Griffin Vann has been a registered pediatric nurse for 21 years, and last fall began teaching at Fulton High School as part of the Educator Preparation Program. Vann said that as a mother of young children, she wanted to be on their schedule, and that she has always loved working with kids. 

On a recent morning, 18 people from a variety of career fields – including auto repair, construction, nursing, and culinary arts – gathered in a South Knoxville classroom.

While their professional backgrounds varied widely, their goal was the same: Learning to be an effective teacher.

The attendees were part of the KCS Educator Preparation Program (EPP), which trains industry professionals to be teachers, and provides financial incentives to help them receive certification.

The goal is to not only cast a wide net in identifying and recruiting outstanding educators, but also to find non-traditional candidates with expertise in career fields that are in high demand among employers.

A good example is Griffin Vann, who has been a registered nurse for 21 years and last fall began teaching health science, medical therapeutics, and nursing education at Fulton High School.

Vann said that as a mother of young children, she wanted to be on their schedule, and that she has always loved working with kids. As part of the Educator Prep Program, she works as a teacher at Fulton, while attending several after-hours classes each semester. During the summer, her cohort also attends a week of intensive training.

Vann said the program has been challenging, and helped her realize how hard teachers work.

“There’s a lot of organization behind the scenes that you don’t think about when you just go sit in a class,” she said. “When I was in school, I had no idea how much behind-the-scenes work goes into a lecture or a lab or a class session … This is teaching you how to do that, so that when I stand up in front of a classroom I am confident and organized and I know what I’m doing.”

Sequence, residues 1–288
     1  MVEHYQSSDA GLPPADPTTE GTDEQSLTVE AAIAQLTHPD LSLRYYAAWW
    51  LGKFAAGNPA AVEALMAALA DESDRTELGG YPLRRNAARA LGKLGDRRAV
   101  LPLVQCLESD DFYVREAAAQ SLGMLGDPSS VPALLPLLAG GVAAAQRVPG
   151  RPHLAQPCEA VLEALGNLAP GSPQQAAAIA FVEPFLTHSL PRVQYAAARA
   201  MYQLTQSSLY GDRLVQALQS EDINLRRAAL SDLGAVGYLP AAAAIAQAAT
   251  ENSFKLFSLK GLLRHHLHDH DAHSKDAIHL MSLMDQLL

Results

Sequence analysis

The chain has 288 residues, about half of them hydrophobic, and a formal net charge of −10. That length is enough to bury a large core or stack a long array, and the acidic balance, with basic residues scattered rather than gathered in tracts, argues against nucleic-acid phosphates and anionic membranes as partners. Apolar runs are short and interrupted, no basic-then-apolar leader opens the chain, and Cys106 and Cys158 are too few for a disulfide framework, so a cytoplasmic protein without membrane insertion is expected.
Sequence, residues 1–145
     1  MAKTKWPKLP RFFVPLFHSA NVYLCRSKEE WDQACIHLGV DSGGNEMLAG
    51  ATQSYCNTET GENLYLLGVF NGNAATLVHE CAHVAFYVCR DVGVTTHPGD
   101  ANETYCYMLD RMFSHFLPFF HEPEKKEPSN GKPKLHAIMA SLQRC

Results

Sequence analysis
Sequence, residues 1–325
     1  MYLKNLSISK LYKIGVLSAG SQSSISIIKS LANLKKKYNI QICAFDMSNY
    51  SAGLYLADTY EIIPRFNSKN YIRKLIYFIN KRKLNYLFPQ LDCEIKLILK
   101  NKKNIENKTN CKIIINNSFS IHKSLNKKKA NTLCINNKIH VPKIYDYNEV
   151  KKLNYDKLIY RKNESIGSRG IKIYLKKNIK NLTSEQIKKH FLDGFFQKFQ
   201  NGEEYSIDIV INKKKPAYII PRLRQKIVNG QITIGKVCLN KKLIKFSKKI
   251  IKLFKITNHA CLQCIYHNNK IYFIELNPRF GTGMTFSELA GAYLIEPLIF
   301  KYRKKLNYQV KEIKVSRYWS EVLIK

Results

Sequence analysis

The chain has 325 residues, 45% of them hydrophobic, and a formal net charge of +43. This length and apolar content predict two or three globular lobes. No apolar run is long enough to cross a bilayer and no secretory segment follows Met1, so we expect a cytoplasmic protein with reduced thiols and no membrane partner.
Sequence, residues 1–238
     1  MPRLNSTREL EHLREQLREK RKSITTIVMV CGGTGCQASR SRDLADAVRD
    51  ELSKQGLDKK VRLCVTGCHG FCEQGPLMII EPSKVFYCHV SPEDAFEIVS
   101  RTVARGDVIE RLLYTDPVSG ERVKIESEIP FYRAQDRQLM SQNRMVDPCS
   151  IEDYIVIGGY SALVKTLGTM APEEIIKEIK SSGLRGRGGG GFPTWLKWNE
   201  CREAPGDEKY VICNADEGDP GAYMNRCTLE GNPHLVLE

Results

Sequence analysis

The EPP training sessions are designed to help participants sharpen skills that they’re already using in the classroom, and gain insights from their peers.

During a recent session at the Sarah Simpson Center, instructor Ulla Carr – the district’s EPP supervisor – asked about the best way to re-engage students who have been working in small groups. The attendees joked about bad ideas – an air horn, for example – while also discussing serious strategies, such as a raised hand or short clap that would prompt students to respond with a similar action.

At the end of the discussion, participants took several minutes to journal on laptops, answering discussion questions about issues and challenges related to problem-based learning.

Carr said participants in the KCS program join the district – or work for other school districts – using a practitioner occupational license, but after three years they move to a regular professional license.